Genesis also shows us that although we are not always faithful to God, God never turns away from us. That is why God promised Adam and Eve to send a savior. Throughout the whole Old Testament people were waiting for the Messiah who would come and save them from the separation that took place when Adam and Eve turned away from God; when they unplugged themselves from God’s life.

Saint Paul explains salvation in his first letter to the Corinthians: “Christ has been raised from the dead, the firstfruits of those who have fallen asleep. [21] For since death came through a human being, the resurrection of the dead came also through a human being. [22] For just as in Adam all die, so too in Christ shall all be brought to life” (1 Corinthians 15:20-23).

However, this salvation from sin and death that Jesus accomplished through His death and resurrection does not mean we get a VIP pass to heaven. Salvation is not imposed on us. Rather we are invited to accept it and only takes place when we accept it.

In today’s letter of Saint Paul to the Romans, the word “salvation” appears three times. In verse one, Saint Paul says: “Brethren, my heart’s desire and prayer to God for them is that they may be saved” (10:1). Then in verses 9-10 he says: “If you confess with your lips that Jesus is Lord and believe in your heart that God raised him from the dead, you will be saved. [10] For man believes with his heart and so is justified, and he confesses with his lips and so is saved.”  Therefore, the proper Catholic understanding of salvation is that we are saved by what Jesus did for us by taking on our humanity, by dying, and by rising from the dead.

Second, not only are we saved, but we are being saved when we accept that Christ died for us. He died for us and invites us to accept that salvation that cost Him His life, but that He freely gives everyone who accepts to believe in Him. Therefore, the answer to “are you saved?” is: We are saved, we are being saved, and we will be saved. Salvation is something that has happened, is happening, and will happen.

Yes, we are saved, because Jesus saved us through His death and resurrection. But, we cannot just say “we are saved” because of what Jesus did, we have to say “we are being saved” because we need to respond every day in a positive way to Jesus’s invitation. When we do this, we can be sure that “we will be saved” because we would have been faithful and await to hear from Jesus the words: “Well done, good and faithful servant; you have been faithful over a little, I will set you over much; enter into the joy of your master” (Matt.25:23).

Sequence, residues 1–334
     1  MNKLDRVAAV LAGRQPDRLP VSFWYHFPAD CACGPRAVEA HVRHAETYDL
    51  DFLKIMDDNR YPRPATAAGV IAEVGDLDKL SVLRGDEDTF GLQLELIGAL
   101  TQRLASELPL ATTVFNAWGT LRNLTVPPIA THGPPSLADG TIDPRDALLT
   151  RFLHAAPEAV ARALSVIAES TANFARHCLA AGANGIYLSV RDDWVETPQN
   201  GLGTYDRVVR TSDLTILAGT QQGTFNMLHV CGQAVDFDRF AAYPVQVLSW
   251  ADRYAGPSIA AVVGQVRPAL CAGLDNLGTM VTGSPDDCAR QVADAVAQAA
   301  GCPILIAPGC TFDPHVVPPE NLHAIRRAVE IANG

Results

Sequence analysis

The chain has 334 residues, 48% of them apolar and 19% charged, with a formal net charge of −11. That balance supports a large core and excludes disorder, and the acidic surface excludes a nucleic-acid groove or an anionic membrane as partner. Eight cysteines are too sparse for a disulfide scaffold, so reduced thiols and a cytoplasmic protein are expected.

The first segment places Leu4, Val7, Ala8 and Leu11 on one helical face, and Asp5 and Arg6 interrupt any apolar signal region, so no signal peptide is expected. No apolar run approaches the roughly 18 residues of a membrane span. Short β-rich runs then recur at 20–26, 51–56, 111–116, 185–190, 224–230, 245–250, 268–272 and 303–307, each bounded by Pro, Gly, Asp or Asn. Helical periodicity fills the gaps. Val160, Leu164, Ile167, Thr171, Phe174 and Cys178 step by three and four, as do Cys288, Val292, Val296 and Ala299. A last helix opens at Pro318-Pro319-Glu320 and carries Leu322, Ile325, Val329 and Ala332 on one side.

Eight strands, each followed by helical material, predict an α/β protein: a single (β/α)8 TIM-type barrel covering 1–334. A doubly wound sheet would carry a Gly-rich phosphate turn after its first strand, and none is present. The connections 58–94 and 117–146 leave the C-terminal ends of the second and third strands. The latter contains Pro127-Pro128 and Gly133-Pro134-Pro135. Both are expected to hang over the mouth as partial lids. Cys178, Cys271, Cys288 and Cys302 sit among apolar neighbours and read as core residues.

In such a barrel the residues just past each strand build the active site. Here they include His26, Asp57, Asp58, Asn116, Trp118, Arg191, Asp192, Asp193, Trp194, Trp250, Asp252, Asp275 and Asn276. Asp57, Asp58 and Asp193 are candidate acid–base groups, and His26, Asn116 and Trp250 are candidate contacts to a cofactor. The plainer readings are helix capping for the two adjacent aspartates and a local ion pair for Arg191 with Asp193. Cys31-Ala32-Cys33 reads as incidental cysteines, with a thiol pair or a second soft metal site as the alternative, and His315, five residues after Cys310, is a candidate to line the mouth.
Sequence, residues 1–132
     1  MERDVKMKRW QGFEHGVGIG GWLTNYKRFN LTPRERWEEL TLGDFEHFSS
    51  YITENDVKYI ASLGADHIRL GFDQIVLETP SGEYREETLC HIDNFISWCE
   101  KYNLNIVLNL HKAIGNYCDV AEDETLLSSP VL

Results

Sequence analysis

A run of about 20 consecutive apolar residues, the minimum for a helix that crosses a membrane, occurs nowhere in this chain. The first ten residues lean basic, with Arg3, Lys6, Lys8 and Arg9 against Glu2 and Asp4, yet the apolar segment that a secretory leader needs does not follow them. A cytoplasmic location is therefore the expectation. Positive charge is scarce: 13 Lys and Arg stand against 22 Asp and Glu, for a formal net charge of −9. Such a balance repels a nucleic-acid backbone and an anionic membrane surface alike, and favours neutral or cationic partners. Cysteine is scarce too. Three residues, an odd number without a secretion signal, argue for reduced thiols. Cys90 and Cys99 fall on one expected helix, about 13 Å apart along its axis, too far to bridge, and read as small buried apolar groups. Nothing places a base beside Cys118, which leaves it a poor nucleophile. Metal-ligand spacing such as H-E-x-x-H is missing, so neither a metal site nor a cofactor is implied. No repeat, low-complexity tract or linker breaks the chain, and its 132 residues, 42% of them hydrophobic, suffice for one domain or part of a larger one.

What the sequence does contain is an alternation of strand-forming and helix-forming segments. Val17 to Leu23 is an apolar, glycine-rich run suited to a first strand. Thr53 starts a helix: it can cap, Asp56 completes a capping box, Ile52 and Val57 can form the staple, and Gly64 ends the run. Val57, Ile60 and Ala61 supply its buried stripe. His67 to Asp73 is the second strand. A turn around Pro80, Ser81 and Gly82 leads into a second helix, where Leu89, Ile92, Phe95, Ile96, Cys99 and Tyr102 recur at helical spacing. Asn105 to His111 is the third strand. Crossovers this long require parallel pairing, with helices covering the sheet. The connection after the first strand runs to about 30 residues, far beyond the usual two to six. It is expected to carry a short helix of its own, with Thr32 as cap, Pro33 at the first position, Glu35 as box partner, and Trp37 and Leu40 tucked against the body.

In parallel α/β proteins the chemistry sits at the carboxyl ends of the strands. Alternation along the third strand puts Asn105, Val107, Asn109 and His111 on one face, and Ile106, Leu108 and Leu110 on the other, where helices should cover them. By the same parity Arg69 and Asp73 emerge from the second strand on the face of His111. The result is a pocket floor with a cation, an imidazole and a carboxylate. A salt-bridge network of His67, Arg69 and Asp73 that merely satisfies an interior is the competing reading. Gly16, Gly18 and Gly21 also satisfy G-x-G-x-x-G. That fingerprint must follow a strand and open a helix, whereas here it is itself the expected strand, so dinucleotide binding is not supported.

Today, let’s be practical in our thoughts on salvation. First, let us reflect on what Jesus has done for us. If we love someone we want to communicate with them by either reading what they write or by speaking with them. That is why it is important to read the Bible, which is God’s love letters to us and to pray which is how we speak with God and allow God to speak with us.

Second, we have to accept God’s gift of eternal life by specifically telling God that we do accept Him in our life and that we want to live our life according to His plan and will for us. We cannot live in a default mode, we have to choose our settings and repeatedly check them.

Third, we have to live like we mean it. Decide to do something practical and real that reflects what you believe. In short, if you are taken to court today for being a follower of Jesus, make sure there is plenty of evidence by your words, actions, and faith that Jesus has saved you, that Jesus is saving you, and that Jesus will save you.

Father François Beyrouti
Holy Cross Melkite Catholic Church
451 West Madison Avenue
Placentia, CA 92870-4537
Office: (714) 985-1710
My cell: (714) 914-1710